How do busy people in NYC raise a puppy?
December 8, 2019 9:59 AM   Subscribe

Soon-to-be first-time dog mom here, living in NYC with a time-consuming job. My question is pretty simple: How do busy people in NYC raise a puppy? In particular, what do they do for the first weeks before it has had all it's vaccinations and can go to doggy daycare? Realistically I can likely work from home one day a week, but what should I do for the other days? Also, while I'm here, if there's anything else you think I should know about raising a puppy, especially in NYC, I'm eager to hear!
posted by unhappyprofessor to Pets & Animals (21 answers total) 1 user marked this as a favorite
I think many people try to take a week or so off right at the beginning to help get pupper settled in. Then you'll need to have a walker come at least a couple of times of day (with wee wee pads as backup--tiny puppy bladders), taking care to have baby-gated off dangerous areas, or else crating the puppy. I assume you've costed this out--it will cost you somewhere in the vicinity of $400/mo. to have someone come but once a day for a short walk, and your new being will need more than that. (An insuperable obstacle to some of us for acquiring our own little friends, alas.)
posted by praemunire at 10:32 AM on December 8, 2019 [7 favorites]

(Note that before your dog's had its vaccinations it'll need to be solo walks with a walker and strict instructions to stay away from dog parks. You would hack off your own limb to avoid parvo.)
posted by praemunire at 10:33 AM on December 8, 2019 [5 favorites]

If you’re single, it’s very hard. Most people I know who pull this off as singles either work from home or are able to take a larger chunk of time off to do it before they’re able to send the pup to doggy day care (affording doggy day care is also a big factor). A puppy needs company and needs socialization and training. It’s not kind to a puppy to leave it alone and young puppies don’t have the ability to hold their waste long enough to be put in a crate for a work day. Do you have a friend or family member who could come stay with you for a few weeks to take care of the puppy? Maybe someone who usually works from home but would love a change of environment who would be willing to work and puppy sit at your place? If you can’t find someone who can do this, you’ll have to hire someone to come several times a day.

If you can’t find a way to have the puppy supervised properly, maybe reconsider the puppy and adopt an adult dog? They’re so much easier.
posted by quince at 11:32 AM on December 8, 2019 [24 favorites]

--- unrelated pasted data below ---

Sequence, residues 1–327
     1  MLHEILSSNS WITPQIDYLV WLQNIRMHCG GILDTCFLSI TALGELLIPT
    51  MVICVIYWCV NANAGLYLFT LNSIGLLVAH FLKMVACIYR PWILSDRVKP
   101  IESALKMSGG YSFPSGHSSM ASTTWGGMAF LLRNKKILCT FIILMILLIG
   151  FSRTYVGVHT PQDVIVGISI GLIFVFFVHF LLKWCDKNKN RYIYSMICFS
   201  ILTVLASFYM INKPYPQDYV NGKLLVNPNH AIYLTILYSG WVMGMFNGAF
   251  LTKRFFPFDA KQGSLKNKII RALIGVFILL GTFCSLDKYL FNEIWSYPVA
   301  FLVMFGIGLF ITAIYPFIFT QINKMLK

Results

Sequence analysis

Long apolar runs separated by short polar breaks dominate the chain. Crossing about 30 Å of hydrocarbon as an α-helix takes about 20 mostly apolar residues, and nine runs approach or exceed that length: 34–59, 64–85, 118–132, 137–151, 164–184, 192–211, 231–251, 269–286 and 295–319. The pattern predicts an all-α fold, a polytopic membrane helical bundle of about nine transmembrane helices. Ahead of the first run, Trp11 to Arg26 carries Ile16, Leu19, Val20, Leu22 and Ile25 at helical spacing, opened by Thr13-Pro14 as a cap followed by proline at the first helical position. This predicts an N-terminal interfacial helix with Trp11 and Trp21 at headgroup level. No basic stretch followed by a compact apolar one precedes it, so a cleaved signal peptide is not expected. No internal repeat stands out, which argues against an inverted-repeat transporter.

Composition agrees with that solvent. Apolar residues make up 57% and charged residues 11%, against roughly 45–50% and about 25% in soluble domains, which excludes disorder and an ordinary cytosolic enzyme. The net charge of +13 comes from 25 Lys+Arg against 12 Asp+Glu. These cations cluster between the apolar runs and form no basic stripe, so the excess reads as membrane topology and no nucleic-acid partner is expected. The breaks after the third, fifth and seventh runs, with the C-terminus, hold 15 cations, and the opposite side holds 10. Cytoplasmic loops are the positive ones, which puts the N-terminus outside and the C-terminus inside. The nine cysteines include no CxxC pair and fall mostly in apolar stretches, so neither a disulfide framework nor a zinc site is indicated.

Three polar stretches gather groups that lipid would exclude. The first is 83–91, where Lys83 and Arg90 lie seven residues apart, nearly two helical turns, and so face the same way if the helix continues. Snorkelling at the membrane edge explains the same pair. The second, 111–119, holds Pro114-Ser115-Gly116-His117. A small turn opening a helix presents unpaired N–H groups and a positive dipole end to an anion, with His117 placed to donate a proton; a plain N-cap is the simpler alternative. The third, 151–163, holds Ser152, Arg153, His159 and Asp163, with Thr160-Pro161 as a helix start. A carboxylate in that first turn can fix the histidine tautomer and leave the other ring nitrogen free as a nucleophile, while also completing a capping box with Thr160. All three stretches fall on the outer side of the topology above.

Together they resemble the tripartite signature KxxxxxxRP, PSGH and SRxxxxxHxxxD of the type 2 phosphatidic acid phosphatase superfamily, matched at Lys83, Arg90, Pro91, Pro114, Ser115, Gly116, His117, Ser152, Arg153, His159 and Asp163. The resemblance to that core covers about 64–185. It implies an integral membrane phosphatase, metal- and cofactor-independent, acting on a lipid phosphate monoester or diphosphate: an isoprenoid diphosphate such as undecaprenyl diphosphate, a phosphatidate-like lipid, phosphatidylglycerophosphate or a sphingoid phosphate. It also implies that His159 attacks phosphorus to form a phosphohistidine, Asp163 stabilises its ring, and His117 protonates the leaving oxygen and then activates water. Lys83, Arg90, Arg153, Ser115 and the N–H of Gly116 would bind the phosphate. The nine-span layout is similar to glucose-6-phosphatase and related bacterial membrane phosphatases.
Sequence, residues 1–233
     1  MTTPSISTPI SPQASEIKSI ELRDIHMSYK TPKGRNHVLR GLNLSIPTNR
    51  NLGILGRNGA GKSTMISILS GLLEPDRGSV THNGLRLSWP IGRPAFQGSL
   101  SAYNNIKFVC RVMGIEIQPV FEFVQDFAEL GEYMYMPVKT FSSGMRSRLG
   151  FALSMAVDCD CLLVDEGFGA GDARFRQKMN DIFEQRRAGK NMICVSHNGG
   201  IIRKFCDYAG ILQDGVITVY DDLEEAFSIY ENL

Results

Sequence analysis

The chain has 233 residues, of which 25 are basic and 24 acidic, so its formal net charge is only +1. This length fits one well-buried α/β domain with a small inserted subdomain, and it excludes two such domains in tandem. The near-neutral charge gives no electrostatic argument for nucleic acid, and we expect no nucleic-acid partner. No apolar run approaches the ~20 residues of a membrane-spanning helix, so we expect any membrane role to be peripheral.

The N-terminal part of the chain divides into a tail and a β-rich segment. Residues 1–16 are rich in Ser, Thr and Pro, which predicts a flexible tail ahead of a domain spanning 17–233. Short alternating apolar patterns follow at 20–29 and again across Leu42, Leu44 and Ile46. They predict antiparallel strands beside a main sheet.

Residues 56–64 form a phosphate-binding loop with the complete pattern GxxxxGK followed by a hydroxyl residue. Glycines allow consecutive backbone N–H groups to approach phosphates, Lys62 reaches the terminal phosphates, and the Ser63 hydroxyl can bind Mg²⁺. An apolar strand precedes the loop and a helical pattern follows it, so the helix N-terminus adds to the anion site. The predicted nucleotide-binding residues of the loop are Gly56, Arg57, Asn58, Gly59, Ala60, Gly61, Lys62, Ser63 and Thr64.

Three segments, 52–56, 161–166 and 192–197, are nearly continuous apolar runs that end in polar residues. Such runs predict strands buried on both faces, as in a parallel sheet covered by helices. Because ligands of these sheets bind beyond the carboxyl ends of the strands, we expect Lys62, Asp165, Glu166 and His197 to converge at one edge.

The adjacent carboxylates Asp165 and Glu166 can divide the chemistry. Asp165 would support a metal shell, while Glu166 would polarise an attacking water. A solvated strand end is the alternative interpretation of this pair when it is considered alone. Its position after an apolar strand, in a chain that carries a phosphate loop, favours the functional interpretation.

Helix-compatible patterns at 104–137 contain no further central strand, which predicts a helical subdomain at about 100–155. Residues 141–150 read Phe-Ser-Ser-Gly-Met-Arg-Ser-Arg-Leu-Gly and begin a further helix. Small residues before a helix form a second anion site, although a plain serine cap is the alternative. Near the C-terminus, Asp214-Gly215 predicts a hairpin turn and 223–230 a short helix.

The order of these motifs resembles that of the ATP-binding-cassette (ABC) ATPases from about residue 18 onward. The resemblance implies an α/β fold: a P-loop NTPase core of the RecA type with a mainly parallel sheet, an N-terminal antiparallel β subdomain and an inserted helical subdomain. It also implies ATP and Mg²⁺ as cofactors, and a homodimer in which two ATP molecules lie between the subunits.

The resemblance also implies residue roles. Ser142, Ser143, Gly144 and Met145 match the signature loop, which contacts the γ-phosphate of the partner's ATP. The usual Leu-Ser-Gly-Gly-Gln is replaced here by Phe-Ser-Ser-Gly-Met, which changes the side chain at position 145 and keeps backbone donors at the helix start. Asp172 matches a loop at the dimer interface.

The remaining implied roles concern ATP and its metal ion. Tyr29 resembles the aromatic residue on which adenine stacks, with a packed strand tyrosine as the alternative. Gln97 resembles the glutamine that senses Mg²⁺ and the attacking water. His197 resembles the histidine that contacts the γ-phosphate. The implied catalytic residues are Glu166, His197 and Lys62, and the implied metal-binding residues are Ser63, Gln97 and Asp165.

If you're considering any new furniture, don't.

Go ahead and buy yourself a second charger for your laptop.

The chewing is bonkers. We have door frames with bites in them. (Rawhide treats are great.)

Today our new little dude ate my favorite pen.

Like babies, they have a tendency to become 100% impossible right before they pass out.

Worth every penny.

Rigid routine really helps.

I'm making it sound awful and yes but it's also adorable. I love puppies. I'm even okay about being on my third laptop charger. And right now Mr. Llama is using the carpet cleaner (which we call The Snail) to clean up the ink from my pen.
posted by A Terrible Llama at 11:36 AM on December 8, 2019 [1 favorite]

This all depends on your particular dog - but before adopting, I planned/budgeted to put my dog in daycare every day while I was at work, and it turned out my vet recommended having a dog walker come mid-day instead, because she said daycare every day was just too much activity, even for my pretty active dog. All that playing and interaction all day, every day was not needed. I’d pictured my dog sad and alone while I was at work, but she actually enjoys her nap time. (Caveats that this was a shelter dog adopted in late puppy stage so I never had her as a baby, and not in NYC but in another city.)

Again, depending on the particular dog - your dog may not take well to dog parks or street walks. Training will help with everything, but some dogs just don’t like the sidewalk showdown where you’re walking past other dogs in small spaces. Your dog might react unexpectedly to certain dogs, sometimes it’s as if they’re pissing each other off telepathically.

A lot of puppy behaviors you think will never end actually will end (the damn chewing of every pillow I owned).

Overall, you will hit some road bumps and lots of things you don’t expect, but by the time your dog is past the puppy stage you’ll know your dog very well. Have confidence in your ability to tell when your dog is happy versus unhappy and don’t worry about doing what works best for your dog. My dog hates the car, so we don’t do all the cute day hiking trips I pictured us doing—that kind of thing.
posted by sallybrown at 11:38 AM on December 8, 2019

(Rawhide treats are great.)

Rawhide treats have some risks associated with them. They're not digestible and can easily become a choking hazard. They can also be treated with stuff I'm not comfortable giving my dog.
posted by Weeping_angel at 12:25 PM on December 8, 2019 [5 favorites]

Dog walker is how I managed it (but also adopted an adolescent dog rather than a baby puppy) as a single person in DC. She costs about $300 a month for one 30-60 minute visit a day, and that's on the low end for what dogwalkers in my area typically charge. Tracker also goes to daycare once a week or so now, which he enjoys, but every day would be really exhausting for him.